Tapokopoko Stream F
19 March 2014
No country for old men, this, not for elderly day-trippers anyway. In a ten hour day, little more than three hours was spent exploring the Tapokopoko Stream catchment. You really have to be able to move quickly to get to the top of the Rimutaka Range and still have plenty of time to take a good look down the other side.
Colin chose an excellent route from Greens Stream, though climbing over Browns Track to get there saves less time than it expends energy. There is a good track up the TR bank of Greens Stream to the first side stream, then a less good one through Buddleia and along the TL bank till almost as far as the spur we wanted, the one which starts between the next two close together TR side streams. It proved to have an old, recently trimmed track up it, a rewarding find. Mist had almost cleared as we reached the top, leaving wet undergrowth but allowing us views. Then straight over and down the other side on a prominent spur, at first through a pure meadow-like stand of tall mountain grass, till at about the 600m contour we turned east and dropped into the Tapokopoko Stream. Above us on the other side and continuing to the head of the valley was what David, looking at it from Papatahi on an earlier trip, had christened Table Mountain. It proved, though reasonably flat to walk along, not to have the breadth of a table. It is joined to the Main Range by a saddle between the Tapokopoko and Mukamuka Streams, steep on the one side and vertically eroded on the other: a few moments of exposure, if not as scary as it was 25 years ago when a jump was required.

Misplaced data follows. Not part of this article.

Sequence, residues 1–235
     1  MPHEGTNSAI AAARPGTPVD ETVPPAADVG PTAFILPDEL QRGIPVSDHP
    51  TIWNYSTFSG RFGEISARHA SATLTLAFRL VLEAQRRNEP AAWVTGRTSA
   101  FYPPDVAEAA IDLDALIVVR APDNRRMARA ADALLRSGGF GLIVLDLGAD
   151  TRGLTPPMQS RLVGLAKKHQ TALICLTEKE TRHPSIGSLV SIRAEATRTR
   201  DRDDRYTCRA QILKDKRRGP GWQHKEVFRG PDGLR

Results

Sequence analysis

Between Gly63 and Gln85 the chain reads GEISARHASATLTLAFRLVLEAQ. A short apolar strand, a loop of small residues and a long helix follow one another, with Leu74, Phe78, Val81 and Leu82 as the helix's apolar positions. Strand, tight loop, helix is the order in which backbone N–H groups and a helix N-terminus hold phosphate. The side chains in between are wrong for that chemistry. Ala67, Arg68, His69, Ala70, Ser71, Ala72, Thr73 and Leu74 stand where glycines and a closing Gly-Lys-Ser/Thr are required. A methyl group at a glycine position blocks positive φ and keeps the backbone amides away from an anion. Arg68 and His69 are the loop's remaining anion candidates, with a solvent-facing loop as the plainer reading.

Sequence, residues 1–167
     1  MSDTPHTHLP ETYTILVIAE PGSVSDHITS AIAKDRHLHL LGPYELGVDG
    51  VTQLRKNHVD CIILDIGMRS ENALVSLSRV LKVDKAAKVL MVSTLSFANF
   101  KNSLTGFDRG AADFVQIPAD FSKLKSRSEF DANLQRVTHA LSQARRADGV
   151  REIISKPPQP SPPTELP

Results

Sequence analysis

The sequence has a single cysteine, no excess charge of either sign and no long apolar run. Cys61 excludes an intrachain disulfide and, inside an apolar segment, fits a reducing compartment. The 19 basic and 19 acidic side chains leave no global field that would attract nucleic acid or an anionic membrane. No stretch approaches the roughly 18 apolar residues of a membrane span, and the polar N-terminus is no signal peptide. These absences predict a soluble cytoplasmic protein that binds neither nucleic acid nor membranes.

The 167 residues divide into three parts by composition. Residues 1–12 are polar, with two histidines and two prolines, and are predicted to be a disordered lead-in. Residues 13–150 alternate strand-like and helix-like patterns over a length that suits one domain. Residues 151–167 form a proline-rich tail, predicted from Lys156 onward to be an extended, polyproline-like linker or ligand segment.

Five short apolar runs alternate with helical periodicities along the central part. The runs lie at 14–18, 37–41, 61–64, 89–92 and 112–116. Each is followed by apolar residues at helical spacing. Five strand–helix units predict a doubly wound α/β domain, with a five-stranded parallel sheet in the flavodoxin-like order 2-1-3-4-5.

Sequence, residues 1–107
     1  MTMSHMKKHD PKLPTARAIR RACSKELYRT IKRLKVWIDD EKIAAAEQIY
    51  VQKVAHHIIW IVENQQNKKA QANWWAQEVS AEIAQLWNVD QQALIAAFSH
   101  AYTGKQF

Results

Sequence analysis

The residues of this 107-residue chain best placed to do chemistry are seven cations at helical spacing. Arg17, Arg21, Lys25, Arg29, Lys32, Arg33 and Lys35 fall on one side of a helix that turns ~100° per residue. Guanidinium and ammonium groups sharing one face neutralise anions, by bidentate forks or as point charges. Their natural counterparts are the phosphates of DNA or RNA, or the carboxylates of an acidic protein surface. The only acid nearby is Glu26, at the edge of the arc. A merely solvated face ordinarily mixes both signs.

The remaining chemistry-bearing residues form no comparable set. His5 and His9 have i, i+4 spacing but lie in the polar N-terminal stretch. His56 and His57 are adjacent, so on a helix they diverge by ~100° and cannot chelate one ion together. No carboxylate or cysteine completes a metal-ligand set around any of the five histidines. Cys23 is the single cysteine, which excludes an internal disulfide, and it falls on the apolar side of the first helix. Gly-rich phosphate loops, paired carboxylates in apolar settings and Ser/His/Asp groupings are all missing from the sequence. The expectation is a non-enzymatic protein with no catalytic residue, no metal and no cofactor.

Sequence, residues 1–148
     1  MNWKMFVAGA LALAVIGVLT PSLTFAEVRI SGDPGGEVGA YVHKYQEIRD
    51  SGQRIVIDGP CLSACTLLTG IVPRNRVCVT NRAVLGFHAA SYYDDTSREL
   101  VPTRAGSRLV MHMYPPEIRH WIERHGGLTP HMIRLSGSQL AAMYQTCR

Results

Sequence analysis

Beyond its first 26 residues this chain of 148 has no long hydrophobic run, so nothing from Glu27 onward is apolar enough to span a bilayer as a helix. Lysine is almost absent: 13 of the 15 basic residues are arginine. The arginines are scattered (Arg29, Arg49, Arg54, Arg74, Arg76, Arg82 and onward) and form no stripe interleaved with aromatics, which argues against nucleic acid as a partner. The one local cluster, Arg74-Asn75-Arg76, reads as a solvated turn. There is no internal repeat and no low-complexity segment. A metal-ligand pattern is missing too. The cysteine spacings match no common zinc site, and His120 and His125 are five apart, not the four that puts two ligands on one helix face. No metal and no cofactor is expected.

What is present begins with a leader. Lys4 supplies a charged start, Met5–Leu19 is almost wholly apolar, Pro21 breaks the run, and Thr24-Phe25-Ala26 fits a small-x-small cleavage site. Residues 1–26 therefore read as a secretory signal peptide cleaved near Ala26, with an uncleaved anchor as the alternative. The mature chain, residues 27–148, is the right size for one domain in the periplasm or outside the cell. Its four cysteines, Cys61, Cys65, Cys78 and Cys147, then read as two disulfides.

Despite this awkward moment, the Tapokopoko valley, both its north and west branches, provides easier streams and well-bushed spurs compared with typical terrain on the western side of the Rimutakas. A pity it is almost out of day-trip range for some of us.
- Party members
- Robin Chesterfield, Colin Cook (leader), David Ogilvie, John Thomson (scribe), Lynne White and